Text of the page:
What Is Sodium Methyl Cococyl Taurate? Is It Skin-Safe?

Get your facts right before including this skin-friendly ingredient in your haircare regimen.

Medically Reviewed by Dr. Enrizza Factor, MD
By Anjali Sayee

Sodium methyl cocoyl taurate is a surfactant derived from coconuts. This natural and biodegradable ingredient is milder than other surfactants (like sulfates). You can use sodium methyl cocoyl taurate products for skin issues in adults and babies. It helps improve the skin texture and keeps it soft and smooth. This article explores the various benefits and safety of this ingredient. Keep reading to learn more.

What Is Sodium Methyl Cococyl Taurate?

Sodium methyl cocoyl taurate is a mild surfactant derived from coconut. It is white and has a paste-like consistency. It is found in many skin and hair care products like cleansers and shampoos (rinse-off products), including baby products. However, it is also used in leave-on products like foundations and face powders and other products like mouthwashes and breath fresheners (1).

According to Dr. Sandra El Hajj, Founder & President of The American Preventive Health Organization, “Sodium methyl cocoyl taurate or SMCT is the best alternative to harsh silicones and is safe for use due to its minimal side effects.”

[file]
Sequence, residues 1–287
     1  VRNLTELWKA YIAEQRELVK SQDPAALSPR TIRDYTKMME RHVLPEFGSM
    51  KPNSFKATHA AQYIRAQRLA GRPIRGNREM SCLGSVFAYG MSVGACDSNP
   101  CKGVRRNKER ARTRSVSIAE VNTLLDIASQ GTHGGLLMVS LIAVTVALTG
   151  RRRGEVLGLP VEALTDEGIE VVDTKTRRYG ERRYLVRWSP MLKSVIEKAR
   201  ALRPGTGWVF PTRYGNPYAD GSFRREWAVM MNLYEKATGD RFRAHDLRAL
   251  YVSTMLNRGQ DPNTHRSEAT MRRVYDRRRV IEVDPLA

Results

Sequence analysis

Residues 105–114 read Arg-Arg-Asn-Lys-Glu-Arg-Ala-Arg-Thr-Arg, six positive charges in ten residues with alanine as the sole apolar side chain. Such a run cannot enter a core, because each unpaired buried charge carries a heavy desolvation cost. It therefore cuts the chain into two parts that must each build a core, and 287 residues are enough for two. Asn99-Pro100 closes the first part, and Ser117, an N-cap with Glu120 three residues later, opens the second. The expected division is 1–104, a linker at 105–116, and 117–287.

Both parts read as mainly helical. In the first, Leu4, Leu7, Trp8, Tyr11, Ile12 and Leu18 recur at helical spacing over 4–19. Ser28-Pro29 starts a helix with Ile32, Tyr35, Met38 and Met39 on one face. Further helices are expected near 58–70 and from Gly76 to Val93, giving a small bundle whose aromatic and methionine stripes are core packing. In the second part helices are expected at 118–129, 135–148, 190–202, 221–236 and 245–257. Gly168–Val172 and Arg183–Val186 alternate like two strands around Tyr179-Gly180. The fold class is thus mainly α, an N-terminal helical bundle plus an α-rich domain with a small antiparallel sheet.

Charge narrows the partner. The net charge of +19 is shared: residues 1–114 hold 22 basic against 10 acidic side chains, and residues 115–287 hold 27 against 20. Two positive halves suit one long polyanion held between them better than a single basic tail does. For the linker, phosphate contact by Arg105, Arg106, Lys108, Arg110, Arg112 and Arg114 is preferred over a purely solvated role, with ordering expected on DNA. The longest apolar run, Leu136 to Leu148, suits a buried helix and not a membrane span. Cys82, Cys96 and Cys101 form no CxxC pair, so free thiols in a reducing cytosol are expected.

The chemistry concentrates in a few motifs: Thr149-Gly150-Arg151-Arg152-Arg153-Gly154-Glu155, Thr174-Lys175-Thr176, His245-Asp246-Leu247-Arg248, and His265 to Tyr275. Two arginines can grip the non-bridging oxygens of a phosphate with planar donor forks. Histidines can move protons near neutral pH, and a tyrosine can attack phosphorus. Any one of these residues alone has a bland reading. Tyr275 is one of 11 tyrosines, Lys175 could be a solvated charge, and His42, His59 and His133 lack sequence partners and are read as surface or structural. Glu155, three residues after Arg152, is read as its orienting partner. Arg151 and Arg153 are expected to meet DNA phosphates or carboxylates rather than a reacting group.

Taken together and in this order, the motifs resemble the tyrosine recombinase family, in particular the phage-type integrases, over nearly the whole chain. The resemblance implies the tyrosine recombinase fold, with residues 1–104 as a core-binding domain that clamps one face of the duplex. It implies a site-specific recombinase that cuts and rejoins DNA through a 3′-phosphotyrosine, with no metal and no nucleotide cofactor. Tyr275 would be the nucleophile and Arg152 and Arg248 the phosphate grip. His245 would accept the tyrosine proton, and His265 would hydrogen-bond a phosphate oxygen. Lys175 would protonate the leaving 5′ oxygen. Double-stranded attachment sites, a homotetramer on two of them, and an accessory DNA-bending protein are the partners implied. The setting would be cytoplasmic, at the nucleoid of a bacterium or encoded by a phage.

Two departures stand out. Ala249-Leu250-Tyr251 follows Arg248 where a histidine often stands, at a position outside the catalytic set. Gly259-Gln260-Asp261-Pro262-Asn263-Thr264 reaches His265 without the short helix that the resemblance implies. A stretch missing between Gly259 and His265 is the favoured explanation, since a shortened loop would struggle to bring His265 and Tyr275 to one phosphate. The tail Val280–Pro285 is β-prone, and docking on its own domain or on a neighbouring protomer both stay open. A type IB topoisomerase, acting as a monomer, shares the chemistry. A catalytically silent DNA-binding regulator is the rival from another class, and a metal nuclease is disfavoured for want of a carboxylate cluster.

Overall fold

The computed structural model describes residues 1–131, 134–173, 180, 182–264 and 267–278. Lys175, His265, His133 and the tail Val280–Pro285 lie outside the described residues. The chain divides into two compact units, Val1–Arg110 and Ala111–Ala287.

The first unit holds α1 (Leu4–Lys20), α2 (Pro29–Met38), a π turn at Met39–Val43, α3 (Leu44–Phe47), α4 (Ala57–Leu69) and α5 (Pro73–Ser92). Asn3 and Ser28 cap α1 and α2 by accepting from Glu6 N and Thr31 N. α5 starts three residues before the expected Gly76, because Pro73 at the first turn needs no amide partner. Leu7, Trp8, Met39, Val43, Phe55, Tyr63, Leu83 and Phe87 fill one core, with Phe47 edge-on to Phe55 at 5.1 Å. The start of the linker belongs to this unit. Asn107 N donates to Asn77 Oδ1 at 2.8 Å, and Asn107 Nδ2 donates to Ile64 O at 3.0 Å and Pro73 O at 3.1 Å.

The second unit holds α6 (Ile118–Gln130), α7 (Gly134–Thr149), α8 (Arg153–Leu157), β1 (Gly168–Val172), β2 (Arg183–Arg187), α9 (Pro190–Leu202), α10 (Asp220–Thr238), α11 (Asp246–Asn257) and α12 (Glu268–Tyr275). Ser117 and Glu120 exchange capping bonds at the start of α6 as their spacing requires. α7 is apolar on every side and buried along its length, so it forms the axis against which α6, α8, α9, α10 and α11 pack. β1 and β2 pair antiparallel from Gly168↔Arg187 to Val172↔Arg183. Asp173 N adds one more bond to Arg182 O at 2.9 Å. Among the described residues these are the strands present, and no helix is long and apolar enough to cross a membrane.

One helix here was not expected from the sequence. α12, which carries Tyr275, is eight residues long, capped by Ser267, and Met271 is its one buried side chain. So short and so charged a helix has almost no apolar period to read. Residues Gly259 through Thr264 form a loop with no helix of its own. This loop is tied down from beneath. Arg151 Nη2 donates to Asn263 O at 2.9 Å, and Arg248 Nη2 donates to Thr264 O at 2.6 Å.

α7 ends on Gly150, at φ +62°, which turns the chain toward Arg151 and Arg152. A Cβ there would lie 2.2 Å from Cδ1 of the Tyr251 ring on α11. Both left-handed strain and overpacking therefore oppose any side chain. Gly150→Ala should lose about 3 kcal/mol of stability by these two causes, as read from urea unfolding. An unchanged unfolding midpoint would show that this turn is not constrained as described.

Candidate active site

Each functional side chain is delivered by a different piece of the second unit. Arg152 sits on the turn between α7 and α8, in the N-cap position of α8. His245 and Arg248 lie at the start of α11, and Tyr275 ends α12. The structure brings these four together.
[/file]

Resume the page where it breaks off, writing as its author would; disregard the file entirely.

Board-certified dermatologist Dr. Ahmad Chaudhry, MD, says, “ Sodium methyl cocoyl taurate is mild, less potent, and does not alter the skin pH. As a result, it is suitable for people with sensitive skin.” This ingredient has numerous benefits. Let’s take a look.

What Does It Do?

  • Taurates like sodium methyl cocoyl taurate are mild anionic surfactants. They are commonly used in sulfate-free shampoos to cleanse the scalp without drying as they have a chemically stable pH (2).
  • Sodium methyl cocoyl taurate can enhance the penetration of other ingredients in the skin (1).
  • Taurine surfactants may also exhibit antioxidant properties, regulate inflammatory responses, and enhance the skin barrier function (3).
  • Since it is a non-drying cleanser, it can keep the skin soft and moisturized after use. It is also said to be safe and gentle for sensitive skin.

There are two ways to prepare sodium methyl cocoyl taurate. Find out in the next section.

How Is Sodium Methyl Cocoyl Taurate Made?

Method 1
  • SMCT is prepared by dissolving N-methyl taurine (a coconut fatty acid amide) in a blend of sodium hydrate, isopropyl alcohol, and water.
  • A mixture of lauric acid, sodium chloride, and sodium hydrate is added to the solution.
  • A solution of calcium chloride and hydrochloric acid is added to the blend.

The mixture is then refined, strained, and dried, forming a whitish powdery substance. It can also be found as a solution mixed with water and sodium chloride (1).

Method 2
  • In this method, coconut fatty acid amide – N-methyl taurine, sodium methyl taurate solution, and boric acid are heated at 200° C.
  • It is then distilled in water and stirred at lower heat and pressure levels.
  • The mixture is cooled down to form a wax-like substance that is powdered.